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Why impartiality has to be a key part of your AI game plan

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A few simple principles can help businesses avoid the potentially disastrous implications of unleashing artificial-intelligence-based agents that develop their own unconscious bias.

With 60 per cent of UK companies already using or planning to implement artificial intelligence, the debate around its ethical challenges is gaining momentum. Earlier this year, for example, the European Commission drafted a white paper on AI outlining a new approach to ‘excellence and trust’ – a clear indication that Europe is seriously considering stricter measures its use.

According to Gartner, a quarter of employees who already use technology in their work will have an AI-powered digital colleague that they interact with on a daily basis by 2021. While the opportunity to create new efficiencies and offer an elevated level of service to consumers is immense, so are the risks.

For organisations just getting started, there are some key considerations to apply in the process of defining a responsible AI game plan.

First, you need to plan for the unexpected. Remember what happened when Microsoft deployed its customer-facing chatbot, Tay, on Twitter? Within 24 hours, Tay had become a racist and sexist spokesperson by re-posting content learned from her online interactions. This illustrates that while you cannot predict every possible interaction, your implementation strategy must be carefully planned. Common roll-out strategy safety checks should include testing with representative users before roll-out, using human oversight as an extra layer of analysis and safety, and designing the way the digital employee responds to unplanned and out-of-scope interactions.

Companies using intelligent digital employees must also think about how their brand fits in; the style and tone of the dialogue, the level to which the agent can execute tasks or not and the audiences they interact with. Whether an agent is used internally or in customer service, the AI solution inevitably becomes a brand ambassador. This understanding will help define appropriate and consistent guidelines, which will ensure the AI is trained to represent the values, goals, and culture of the business.

The collection and provisioning of adequate training data is another big challenge for AI developers. Amazon, for example, has been scrutinised for the bias of its automated recruitment too, trained with data from CVs submitted over a 10-year period, which reflected the gender imbalance within the tech industry and therefore unfairly disadvantaged female applicants. The impartiality of training data and modelling is only as impartial as the design team. It is of critical importance for companies to reflect on the potential gaps in their data objectivity, use test methods that explore the potential impacts and operate with transparency on the progress of these issues.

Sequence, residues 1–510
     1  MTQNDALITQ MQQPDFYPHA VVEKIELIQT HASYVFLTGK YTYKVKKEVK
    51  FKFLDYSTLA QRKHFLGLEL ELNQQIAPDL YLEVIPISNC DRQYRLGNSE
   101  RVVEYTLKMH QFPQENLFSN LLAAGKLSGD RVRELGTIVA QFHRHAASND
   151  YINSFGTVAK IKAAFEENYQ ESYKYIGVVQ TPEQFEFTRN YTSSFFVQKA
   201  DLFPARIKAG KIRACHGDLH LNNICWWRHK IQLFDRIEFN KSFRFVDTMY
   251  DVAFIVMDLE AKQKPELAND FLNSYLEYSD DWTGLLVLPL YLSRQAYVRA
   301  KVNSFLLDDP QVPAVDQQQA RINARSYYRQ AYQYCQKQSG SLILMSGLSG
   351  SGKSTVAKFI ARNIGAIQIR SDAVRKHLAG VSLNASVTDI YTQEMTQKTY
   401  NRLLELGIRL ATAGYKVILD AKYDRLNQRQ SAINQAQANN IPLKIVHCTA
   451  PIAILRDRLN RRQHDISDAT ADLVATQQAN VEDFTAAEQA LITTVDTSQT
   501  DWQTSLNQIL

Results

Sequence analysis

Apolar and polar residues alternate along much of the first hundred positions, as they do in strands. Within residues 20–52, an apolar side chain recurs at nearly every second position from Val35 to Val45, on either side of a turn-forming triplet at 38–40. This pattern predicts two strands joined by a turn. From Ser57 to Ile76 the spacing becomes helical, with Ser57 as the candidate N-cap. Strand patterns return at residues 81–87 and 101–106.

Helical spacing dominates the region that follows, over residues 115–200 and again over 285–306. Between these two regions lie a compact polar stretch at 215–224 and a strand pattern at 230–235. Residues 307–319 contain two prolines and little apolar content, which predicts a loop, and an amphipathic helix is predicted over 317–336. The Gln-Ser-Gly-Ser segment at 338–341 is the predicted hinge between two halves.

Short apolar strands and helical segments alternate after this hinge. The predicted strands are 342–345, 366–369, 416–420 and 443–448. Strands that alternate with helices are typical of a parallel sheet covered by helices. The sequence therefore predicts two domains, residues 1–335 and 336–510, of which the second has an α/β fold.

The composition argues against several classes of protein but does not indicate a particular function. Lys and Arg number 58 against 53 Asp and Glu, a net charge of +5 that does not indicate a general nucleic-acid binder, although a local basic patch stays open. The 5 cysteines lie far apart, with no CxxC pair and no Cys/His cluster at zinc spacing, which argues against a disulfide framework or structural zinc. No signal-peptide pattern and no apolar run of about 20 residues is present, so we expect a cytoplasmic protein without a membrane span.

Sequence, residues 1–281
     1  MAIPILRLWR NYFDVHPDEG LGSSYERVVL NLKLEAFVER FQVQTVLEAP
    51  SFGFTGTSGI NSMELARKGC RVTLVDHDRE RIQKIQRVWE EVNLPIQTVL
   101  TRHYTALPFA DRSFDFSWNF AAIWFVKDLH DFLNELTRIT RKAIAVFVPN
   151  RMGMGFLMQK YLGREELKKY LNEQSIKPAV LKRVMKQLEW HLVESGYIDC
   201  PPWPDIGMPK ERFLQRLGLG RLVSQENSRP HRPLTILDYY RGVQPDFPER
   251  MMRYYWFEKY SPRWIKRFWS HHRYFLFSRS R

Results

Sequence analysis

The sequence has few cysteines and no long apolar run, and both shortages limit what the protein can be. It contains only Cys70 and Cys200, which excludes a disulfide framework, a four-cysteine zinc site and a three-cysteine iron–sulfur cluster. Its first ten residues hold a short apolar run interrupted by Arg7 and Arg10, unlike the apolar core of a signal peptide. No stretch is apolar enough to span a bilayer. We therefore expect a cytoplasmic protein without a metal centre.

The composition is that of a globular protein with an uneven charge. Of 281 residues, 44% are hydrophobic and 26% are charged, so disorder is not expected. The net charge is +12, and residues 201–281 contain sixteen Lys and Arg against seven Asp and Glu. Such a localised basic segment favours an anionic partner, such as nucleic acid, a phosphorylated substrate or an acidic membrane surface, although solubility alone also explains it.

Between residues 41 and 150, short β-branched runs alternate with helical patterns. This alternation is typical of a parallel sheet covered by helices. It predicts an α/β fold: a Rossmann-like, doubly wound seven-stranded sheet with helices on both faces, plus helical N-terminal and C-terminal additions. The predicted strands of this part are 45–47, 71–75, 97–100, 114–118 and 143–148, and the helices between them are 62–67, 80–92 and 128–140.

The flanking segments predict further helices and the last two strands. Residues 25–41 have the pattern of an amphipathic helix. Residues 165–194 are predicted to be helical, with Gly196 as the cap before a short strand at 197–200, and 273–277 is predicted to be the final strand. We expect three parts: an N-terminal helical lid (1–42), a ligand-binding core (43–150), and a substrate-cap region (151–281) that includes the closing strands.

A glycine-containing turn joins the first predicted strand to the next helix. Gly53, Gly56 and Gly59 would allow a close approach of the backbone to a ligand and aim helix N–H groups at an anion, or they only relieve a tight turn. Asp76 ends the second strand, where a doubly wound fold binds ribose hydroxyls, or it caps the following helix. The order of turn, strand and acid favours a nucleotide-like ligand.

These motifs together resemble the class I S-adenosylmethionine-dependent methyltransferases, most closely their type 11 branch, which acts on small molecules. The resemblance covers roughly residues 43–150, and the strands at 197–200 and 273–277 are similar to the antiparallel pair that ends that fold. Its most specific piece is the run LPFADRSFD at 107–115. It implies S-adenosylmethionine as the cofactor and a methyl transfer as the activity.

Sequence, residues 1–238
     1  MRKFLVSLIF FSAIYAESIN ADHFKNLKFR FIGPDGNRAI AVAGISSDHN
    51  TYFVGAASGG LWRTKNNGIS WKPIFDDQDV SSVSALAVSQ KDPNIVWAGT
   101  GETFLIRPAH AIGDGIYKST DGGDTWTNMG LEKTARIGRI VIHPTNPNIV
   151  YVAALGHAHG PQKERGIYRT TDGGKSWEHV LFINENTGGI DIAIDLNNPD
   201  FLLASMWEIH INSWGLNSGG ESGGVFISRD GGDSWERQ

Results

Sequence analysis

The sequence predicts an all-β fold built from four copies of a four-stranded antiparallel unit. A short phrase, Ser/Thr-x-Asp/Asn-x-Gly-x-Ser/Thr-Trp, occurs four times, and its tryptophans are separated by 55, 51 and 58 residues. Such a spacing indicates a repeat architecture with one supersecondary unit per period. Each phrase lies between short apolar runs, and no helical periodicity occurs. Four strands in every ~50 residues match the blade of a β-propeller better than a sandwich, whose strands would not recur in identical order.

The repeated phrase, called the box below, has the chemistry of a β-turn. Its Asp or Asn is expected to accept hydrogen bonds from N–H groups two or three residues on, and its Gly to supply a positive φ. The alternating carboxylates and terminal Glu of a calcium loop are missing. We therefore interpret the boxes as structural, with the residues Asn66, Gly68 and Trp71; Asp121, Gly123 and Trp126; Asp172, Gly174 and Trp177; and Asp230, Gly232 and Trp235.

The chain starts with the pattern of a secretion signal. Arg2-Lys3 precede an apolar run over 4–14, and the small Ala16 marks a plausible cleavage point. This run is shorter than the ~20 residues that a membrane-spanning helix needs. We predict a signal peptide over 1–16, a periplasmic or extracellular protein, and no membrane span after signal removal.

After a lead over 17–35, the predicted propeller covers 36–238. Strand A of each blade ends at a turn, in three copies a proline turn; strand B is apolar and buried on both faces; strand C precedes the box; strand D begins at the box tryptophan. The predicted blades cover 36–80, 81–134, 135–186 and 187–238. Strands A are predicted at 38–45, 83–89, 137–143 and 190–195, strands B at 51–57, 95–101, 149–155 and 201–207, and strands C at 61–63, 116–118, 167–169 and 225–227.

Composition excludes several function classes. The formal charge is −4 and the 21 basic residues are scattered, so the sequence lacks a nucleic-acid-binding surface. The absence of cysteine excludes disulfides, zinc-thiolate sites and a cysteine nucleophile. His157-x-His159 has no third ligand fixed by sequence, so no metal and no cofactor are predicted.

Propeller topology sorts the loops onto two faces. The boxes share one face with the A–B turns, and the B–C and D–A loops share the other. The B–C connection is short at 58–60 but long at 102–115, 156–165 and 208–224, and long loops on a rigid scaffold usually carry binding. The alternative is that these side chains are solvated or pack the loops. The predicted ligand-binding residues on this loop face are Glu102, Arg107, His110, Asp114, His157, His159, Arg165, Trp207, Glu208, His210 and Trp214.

To build a diverse team from a list of qualified applicants, consider using techniques that mitigate unconscious bias. Three tactics that can help are: removing names from the applicant review processes, augmenting candidate evaluation with a skills test to evaluate potential, and introducing structure to the interview process in order to focus on the same set of questions and answers for every possible hire. Lastly, consider setting diversity goals for your AI team that emphasise the importance of representation and balance of decision-making power for successful AI projects.

One way to leverage the potential of machine learning without risking a Tay-like disaster is through managed self-learning. This means that a digital employee is first trained via a defined data set and then learns through user interactions – a process that is overseen by a supervisory body to check and approve the newly acquired knowledge. This approach ensures that learned behaviours correspond to the organisation’s functional and ethical vision for its AI implementation, and are based on accurate and unbiased data.

Before embarking on any AI implementation, you need to think hard about what your ideal digital employee would look like. Ensuring its ethical development requires comprehensive and thoughtful planning: reviewing the make-up of the team, the representativeness of datasets, and how it will be managed on an ongoing basis.

Considering the potentially disastrous repercussions of unconscious bias in this field, it’s clear that organisations need to make an enormous effort to ensure their AI solutions are designed and set up to act impartially. By adhering to the principles described here, companies can not only minimise the risk of reputational damage, but also benefit from better outcomes of their AI investments in the medium and long term.

Esther Mahr is a conversational experience designer with IPsoft. Noelle Langston is the company’s director of experience design.

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